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Math Reflection Essays


Grad. Portfolio Sheryl SooFarrell/IMP4 Mu Block 

Math Reflection

I’ve come to realize that math is fun even if it’s not my best subject. I can alwaysenjoy doing math, but it’s hard for me to enjoy other subjects the same way. When I was akid I used to enjoy the feeling of the pencil in my hand, being pressed and flattened by thepaper as I drew numbers and symbols in my math class. I still do today, and it seems likeespecially in high school, many people don’t use pencils anymore, but pens, even for mathclass sometimes. Every subject requires a pen or pencil, but math just seems to prefer apencil. This is not the only reason why I enjoy math so much. In subjects such as English,you learn a rule, for example, you add “s” to make things plural, but there are some wordsthat adding an “s” just doesn’t suffice. For the word “church” you must add an extra “e”before the “s” so that it would


better. These things don’t exist in math. Math is fullof “rules” that don’t have exceptions. Things such as the Pythagorean Theorem willalways work for right triangles. There will never be a right triangle where a^2 + b^2 doesnot = c^2. This is what I like about math. Math is a subject that I think would never

let me down

; it has no contradictions. It’s something that’s reliable and useful.I’ve learned that without math, life would be a cycle of events without reason. If Iever wonder why when I pick a straw randomly without looking, I usually get a greenstraw, I would use math to explain that it’s because there are more green straws than otherstraws, therefore the probability of me getting a green straw is higher. If I didn’t know

Campus: Green River College

9. Math Test Reflection Essay

Educator: Mike Kenyon, Faculty, Mathematics
Context: Out of class; MATH 141 Pre-Calculus
Keywords: mathematics, essays
Student Activity Time: 30 minutes

After completing an exam, students wrote a reflection essay about how the test went.

Introducing the Reflection Activity

One way to prompt students to think about their test performance is to simply ask for their first response to the test and their score. An educator used post-exam essays to prompt students to reflect on and articulate their reactions about the exam and their score. The purpose of this activity is to assist students in verbalizing their concerns, thoughts, and reactions to their graded exam.

The educator administered the regularly scheduled math exam, graded it, and returned the test to students with a solution key. The educator offered students a chance to earn a small portion of their homework grade by completing an essay about how the exam went and their reactions to it. The educator required students to write at least one double-spaced, typed page for their essay. Students often turned in reworked problems with the essay. The educator then graded the student’s submission and included a short 2-3 sentence response to their essay. The response generally included validation, answers to open questions, or recommendations that would assist the student in the future.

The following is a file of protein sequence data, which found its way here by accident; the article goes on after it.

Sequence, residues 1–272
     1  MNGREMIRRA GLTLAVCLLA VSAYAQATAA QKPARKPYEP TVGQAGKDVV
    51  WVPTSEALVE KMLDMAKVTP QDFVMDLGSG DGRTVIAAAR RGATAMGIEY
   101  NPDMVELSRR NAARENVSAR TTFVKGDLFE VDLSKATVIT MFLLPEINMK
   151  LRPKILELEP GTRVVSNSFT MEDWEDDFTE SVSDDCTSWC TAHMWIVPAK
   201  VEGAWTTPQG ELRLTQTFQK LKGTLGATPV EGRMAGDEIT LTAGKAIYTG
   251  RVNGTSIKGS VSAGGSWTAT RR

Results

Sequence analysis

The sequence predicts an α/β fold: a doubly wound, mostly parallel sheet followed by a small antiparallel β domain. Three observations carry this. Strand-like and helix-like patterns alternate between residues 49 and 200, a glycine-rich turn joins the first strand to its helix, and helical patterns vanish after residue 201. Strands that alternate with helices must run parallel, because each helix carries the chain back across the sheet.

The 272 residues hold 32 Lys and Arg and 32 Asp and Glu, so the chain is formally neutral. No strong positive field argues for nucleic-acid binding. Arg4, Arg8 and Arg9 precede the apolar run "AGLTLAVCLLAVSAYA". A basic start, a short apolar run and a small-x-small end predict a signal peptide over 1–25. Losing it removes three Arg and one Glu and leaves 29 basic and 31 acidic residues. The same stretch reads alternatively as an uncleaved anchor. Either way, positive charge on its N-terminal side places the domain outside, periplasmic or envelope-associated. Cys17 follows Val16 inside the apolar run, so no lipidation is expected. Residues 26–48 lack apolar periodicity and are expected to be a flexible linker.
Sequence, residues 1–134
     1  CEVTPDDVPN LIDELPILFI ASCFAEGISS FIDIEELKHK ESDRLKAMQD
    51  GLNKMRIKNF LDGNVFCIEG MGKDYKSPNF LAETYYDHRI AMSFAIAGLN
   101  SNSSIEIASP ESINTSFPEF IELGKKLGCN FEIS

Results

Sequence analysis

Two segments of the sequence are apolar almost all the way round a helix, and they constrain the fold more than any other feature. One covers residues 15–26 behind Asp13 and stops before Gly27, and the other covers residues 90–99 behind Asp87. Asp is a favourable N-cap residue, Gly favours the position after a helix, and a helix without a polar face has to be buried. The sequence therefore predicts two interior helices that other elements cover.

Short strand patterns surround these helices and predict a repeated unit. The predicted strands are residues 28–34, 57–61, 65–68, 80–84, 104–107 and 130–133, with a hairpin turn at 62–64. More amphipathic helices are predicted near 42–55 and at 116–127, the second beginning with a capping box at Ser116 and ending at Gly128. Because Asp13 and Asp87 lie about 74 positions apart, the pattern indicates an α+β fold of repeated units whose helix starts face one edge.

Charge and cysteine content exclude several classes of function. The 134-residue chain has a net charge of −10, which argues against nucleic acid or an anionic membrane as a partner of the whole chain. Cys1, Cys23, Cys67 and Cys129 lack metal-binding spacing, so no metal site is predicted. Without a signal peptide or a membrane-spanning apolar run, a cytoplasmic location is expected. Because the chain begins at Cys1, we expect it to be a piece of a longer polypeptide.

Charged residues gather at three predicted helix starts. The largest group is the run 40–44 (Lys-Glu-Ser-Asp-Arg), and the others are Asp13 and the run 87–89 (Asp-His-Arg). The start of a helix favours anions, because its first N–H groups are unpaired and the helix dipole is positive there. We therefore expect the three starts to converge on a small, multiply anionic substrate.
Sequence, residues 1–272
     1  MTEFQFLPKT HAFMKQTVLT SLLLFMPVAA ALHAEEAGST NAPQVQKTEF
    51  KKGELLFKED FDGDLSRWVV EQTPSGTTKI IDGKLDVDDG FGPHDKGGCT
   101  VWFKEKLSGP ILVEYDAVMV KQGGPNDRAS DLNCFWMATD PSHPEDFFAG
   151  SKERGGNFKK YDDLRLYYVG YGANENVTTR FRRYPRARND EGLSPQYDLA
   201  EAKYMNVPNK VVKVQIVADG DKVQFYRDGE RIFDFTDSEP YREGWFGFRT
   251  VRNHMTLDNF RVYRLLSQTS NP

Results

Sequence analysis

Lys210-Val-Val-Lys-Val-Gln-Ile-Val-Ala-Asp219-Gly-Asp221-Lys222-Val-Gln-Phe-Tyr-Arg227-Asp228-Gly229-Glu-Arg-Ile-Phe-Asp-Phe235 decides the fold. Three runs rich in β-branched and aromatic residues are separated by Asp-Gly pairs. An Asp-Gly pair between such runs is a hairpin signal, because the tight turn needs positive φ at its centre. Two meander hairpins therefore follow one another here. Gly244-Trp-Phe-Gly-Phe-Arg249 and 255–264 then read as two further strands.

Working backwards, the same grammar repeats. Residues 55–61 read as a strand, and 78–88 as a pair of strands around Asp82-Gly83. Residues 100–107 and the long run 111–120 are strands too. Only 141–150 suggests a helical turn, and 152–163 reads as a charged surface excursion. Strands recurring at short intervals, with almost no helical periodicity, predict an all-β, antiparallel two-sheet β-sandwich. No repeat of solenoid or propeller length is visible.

The educator used the information shared in the students’ essays in individual interactions with them, either in class or during office hours. When multiple students expressed similar concerns, the educator chose to respond to those concerns in class. As a result, students experienced an opportunity to articulate their successes, misconceptions and errors on the exam. Students often take action based on the educator’s response and suggestions, such as visiting office hours or the tutoring center to improve future exam performance.

 Recreating the Reflection Activity

1Administer, grade, and return student exams.
2Provide a brief overview of the assignment and give a due date shortly after the exam is returned.
3Collect student exam essays, grade, and provide short feedback.
4Return graded exam essays to students.
In the words of the Educator: Tips and Inspiration

Anything worthwhile takes a little time. Let’s be honest about the time that’s involved. After you grade the test, you have to take time to read and comment on the essays. It’s probably worth it, but you want to account for that in deciding to do this activity and for it to work.

Ask students to return the test with the essay. It’s not required, but I do ask the students to attach a copy of their test so that I know what they are referring to. I can make more useful comments to them if they give me the test and I know what they’re talking about.

What was the inspiration for the reflection activity? I heard about this idea at a conference or read about it in a journal. After a while, I just stopped doing the essay activity and a couple years ago I was at a conference where people were making a sports analogy to taking math classes. When you’re an athlete, you watch the film to study the game; well, this essay is the film study. You don’t just play a game and not learn anything from it, so that reminded me to put it back into use.


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